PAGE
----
In 1999, Ryan, together with colleagues at IAH, constructed an IL-12 self-processing 2A polypeptide. At around the same time, Ryan was working on a project in collaboration with AstraZeneca to create 2A polyproteins in the tobacco plant.
"Together these studies provided the first real proof that 2A could be used in any biological system," says Ryan. "Since then, more than 500 research papers and many patents have been published citing the use of this sequence to co-express multiple proteins from a single open reading frame. In fact, it's now almost impossible to keep track of them all ."
But it was in 2006 that 2A really became an industry standard for the co-expression of proteins after scientists in the USA recreated a complete T-cell complex (key to generating a targeted immune response) in a transgenic mouse .
Since then, success has been notable in the fields of cancer treatment and regenerative medicine. 2A has been critical for the development of treatments for metastatic melanoma, colorectal cancer, synovial cell cancer and is entering trials for renal cancer. The sequence is also being used in the production of transgenic plants and tailor-made pluripotent stem cells.
It's an achievement which Ryan is rightly proud of. "It's been a buzz, an absolute thrill," he says. "When I saw the applications coming through in gene therapy I had a big cigar."
Not one for resting on his laurels though, Ryan is investigating the occurrence of 2A in other organisms: "We have found 2A in a very wide range of viruses. Our objective is to look at the relative merits of different sequences for different applications.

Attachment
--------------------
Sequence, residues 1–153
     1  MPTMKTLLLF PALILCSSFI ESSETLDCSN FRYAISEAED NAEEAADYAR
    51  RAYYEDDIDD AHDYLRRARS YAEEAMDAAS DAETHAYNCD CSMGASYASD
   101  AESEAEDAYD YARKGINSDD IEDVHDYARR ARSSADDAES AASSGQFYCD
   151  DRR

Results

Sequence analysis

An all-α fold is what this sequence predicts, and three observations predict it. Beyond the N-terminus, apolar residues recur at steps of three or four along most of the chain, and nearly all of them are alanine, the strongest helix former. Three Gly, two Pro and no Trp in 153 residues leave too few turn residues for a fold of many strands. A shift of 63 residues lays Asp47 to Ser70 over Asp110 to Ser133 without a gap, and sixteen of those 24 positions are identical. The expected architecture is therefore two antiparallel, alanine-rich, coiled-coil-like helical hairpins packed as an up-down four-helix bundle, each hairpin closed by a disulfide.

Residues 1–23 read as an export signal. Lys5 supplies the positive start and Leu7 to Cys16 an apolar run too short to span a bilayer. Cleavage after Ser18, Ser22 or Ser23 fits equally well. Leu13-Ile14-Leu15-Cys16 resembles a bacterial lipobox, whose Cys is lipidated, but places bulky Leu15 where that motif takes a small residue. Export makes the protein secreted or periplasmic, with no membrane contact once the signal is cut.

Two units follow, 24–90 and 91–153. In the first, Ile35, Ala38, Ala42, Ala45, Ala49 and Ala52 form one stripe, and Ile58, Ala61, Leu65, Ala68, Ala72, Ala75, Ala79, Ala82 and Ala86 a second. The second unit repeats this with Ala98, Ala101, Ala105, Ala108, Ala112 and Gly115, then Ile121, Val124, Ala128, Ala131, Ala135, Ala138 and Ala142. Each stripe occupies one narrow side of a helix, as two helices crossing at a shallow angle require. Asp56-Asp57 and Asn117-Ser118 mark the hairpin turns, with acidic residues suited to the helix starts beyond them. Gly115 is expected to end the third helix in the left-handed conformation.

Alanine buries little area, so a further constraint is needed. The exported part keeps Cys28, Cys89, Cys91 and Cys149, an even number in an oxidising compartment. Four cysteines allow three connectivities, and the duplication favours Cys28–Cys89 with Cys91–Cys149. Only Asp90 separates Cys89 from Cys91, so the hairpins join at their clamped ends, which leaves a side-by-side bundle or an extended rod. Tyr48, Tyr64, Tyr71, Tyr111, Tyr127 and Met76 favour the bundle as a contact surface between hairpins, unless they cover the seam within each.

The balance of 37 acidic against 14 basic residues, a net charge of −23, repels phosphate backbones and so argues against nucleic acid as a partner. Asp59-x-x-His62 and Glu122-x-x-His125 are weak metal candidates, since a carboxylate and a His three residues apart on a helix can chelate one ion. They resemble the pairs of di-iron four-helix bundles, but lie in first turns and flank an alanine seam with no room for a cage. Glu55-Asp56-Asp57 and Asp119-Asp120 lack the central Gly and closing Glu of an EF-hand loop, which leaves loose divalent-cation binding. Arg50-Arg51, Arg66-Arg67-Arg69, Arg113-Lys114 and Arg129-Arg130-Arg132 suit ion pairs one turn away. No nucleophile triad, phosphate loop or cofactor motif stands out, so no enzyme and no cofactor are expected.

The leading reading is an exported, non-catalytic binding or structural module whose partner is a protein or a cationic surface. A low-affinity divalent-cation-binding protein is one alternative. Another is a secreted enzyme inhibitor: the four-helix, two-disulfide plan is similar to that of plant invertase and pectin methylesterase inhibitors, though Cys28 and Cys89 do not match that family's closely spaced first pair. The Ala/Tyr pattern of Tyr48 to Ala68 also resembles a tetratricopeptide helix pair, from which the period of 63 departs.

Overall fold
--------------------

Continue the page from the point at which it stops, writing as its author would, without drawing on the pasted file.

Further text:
"For example, the 18 amino acid long 2A sequence from Thosea asigna virus, which infects butterflies, offers superior cleavage to its FMDV relative."
And by probing wider genome databases, Ryan and his St Andrews colleagues have found 2A-like sequences in the form of non-LTR retrotransposons (jumping genes) and proteins involved in the innate immune systems of eukaryotic cells including trypanosomes, purple sea urchins, desmosponges, and other primitive marine organisms.
"We did think that this approach would show us how 2A has evolved in viruses and cellular organisms," says Ryan. "But surprisingly, we now think we are seeing that organisms are picking up 2A sequences all the time as a means of bolting on extra functions."
"For example, in Rotaviruses – the most common cause of severe diarrhoea in young children, we see 2A in type C, but not in type A or B . The type C viruses have acquired a new function – an RNA binding domain added via a 2A sequence – which is absent from the same genome segment in type A and B viruses. Interestingly, this same RNA binding domain is bolted onto the beginning of the shrimp totivirus genome, again via 2A, and we think it helps protect these viruses from the innate immune system.
"It's amazing to think that basic research into something so small, supported by BBSRC over many years, can have such a major impact across a whole industry."
- Sommergruber W., et al. Polypeptide 2A of human rhinovirus type 2: identification as a protease and characterization by mutational analysis. (1989) Virology., Mar;169(1):68-77
- Ryan M.D., and J. Drew. Foot-and-mouth disease virus 2A oligopeptide mediated cleavage of an artificial polyprotein. (1994) The EMBO Journal, 13, 928-933
- Co-translational, intraribosomal cleavage of polypeptides by the foot-and-mouth disease virus 2A peptide. Journal of Biological Chemistry, DOI: 10.1074/jbc.M211644200
- Generation of T-cell receptor retrogenic mice. Nature Protocols, DOI:10.1038/nprot.2006.61